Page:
Just over a year ago, I was in Salt Lake City as one of the Official Bloggers from the Diocese of El Camino Real (ECR) for the Episcopal General Convention (GC).  At GC, I witnessed remarkable diplomacy and community-building, especially with regard to the historic approval of the very controversial resolutions to create marriage equality in the Episcopal Church.  The way this debate was managed has become my standard for excellence in respectful balancing of sides during heartfelt controversy.  An excerpt from my 1 July 2015 post:

“Marriage equality has been passionately discussed for 39 years in our church and even today there were serious, prayerful, and heartfelt objections raised.  Rev. Gay Clark Jennings (President of the House of Deputies, HofD) asked that the House maintain decorum and respect – as celebrations on one side could only be hurtful to our brothers and sisters taking the opposite view. Chaplain Rev. Lester V. Mackenzie lead HofD in prayer and song before each vote. Over a thousand people were present for this historic decision. We will be processing what is means to us and to our church for many years to come.”

In a highly-local and much less important community debate, on 28 June 2016, the San Jose Mayor and City Council voted to approve that the highly-controversial Road Diet be made permanent in my home neighborhood of Willow Glen.  This final decision was welcomed by many and deeply regretted by as many.  The way the discussion was handled did little to rebuild the community strength that the discussion has eroded during the last year. My husband John Plocher and I were among those who formally spoke against the decision, out of about a dozen citizens who were given one minute each to address the Mayor and City Council.  We only came away with a tiny win: as part of making the “Lincoln Avenue Pilot Project” permanent, the City Council also voted to ban adult bicyclists from riding on the sidewalks of Lincoln Avenue – a welcome change for the better!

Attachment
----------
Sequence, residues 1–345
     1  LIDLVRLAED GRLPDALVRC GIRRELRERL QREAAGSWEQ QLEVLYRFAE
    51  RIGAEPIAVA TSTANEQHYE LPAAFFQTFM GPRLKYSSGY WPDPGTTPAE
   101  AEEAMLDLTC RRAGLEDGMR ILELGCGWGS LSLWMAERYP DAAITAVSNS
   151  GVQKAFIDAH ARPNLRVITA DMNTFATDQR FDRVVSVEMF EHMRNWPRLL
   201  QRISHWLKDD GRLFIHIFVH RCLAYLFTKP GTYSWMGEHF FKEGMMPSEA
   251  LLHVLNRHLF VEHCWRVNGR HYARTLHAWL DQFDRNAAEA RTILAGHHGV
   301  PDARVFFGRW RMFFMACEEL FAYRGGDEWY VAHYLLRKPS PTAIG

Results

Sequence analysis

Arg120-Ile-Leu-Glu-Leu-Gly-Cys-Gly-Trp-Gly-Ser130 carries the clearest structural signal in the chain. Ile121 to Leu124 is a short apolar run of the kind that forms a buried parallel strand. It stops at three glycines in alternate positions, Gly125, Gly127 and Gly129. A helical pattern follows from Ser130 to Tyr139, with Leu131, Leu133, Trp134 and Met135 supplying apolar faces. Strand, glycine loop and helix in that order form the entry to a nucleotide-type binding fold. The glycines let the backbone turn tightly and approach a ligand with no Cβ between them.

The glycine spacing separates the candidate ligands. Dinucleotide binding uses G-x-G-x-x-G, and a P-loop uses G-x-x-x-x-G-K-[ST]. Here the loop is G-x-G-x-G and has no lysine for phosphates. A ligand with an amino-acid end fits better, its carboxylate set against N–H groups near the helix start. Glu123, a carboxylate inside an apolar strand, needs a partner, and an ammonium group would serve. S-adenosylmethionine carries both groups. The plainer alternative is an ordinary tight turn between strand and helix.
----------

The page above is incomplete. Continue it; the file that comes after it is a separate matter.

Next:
I wrote on 17 June 2016  how the problems with the Willow Glen Road Diet sort into categories, of which one was Community Trust:

“The way that the Road Diet was managed caused anger and mistrust of city government among most of the people I interviewed.  …  Many Willow Glen residents are looking forward to electing a new City Council representative in November 2016.  Of the five problems, this loss of trust has the greatest destructive potential for our community.”

When I compare the diplomacy and sensitivity with which the Rev. Gay Clark Jennings managed the raging discussions last summer with the rough  “take it or leave it” style in which our local Road Diet controversy was managed, I feel that San Jose’s leadership does not shine.  I hope that now the decision is made, San Jose’s City Council and neighborhood groups like the Willow Glen Business Association (WGBA), and Willow Glen Neighborhood Association (WGNA) will start to rebuild the community peace that was lost to the Road Diet controversy.

WGBA Board meetings are open to the public: 8 am on the Second Tuesday of Every Month, at the Willow Glen Community Center (2175 Lincoln Ave., San José).

The next WGNA Board meeting will be Thursday, 28 July starting at 7 pm at the Willow Glen Public Library (1157 Minnesota Ave., San José). Meeting is open to Members and Residents.

Katy Dickinson speaking to San Jose Mayor and City Council 28 June 2016

John Plocher speaking to San Jose Mayor and City Council 28 June 2016

Candidate Dev Davis speaking in favor of the Road Diet, to San Jose Mayor and City Council 28 June 2016

Walk Your Bike. Make a Friend. poster, San Jose CA 28 June 2016

Images Copyright 2016 by Katy Dickinson and John Plocher

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Willow Glen Neighborhood Association Revived

Willow Glen Neighborhood Association Board 23 June 2016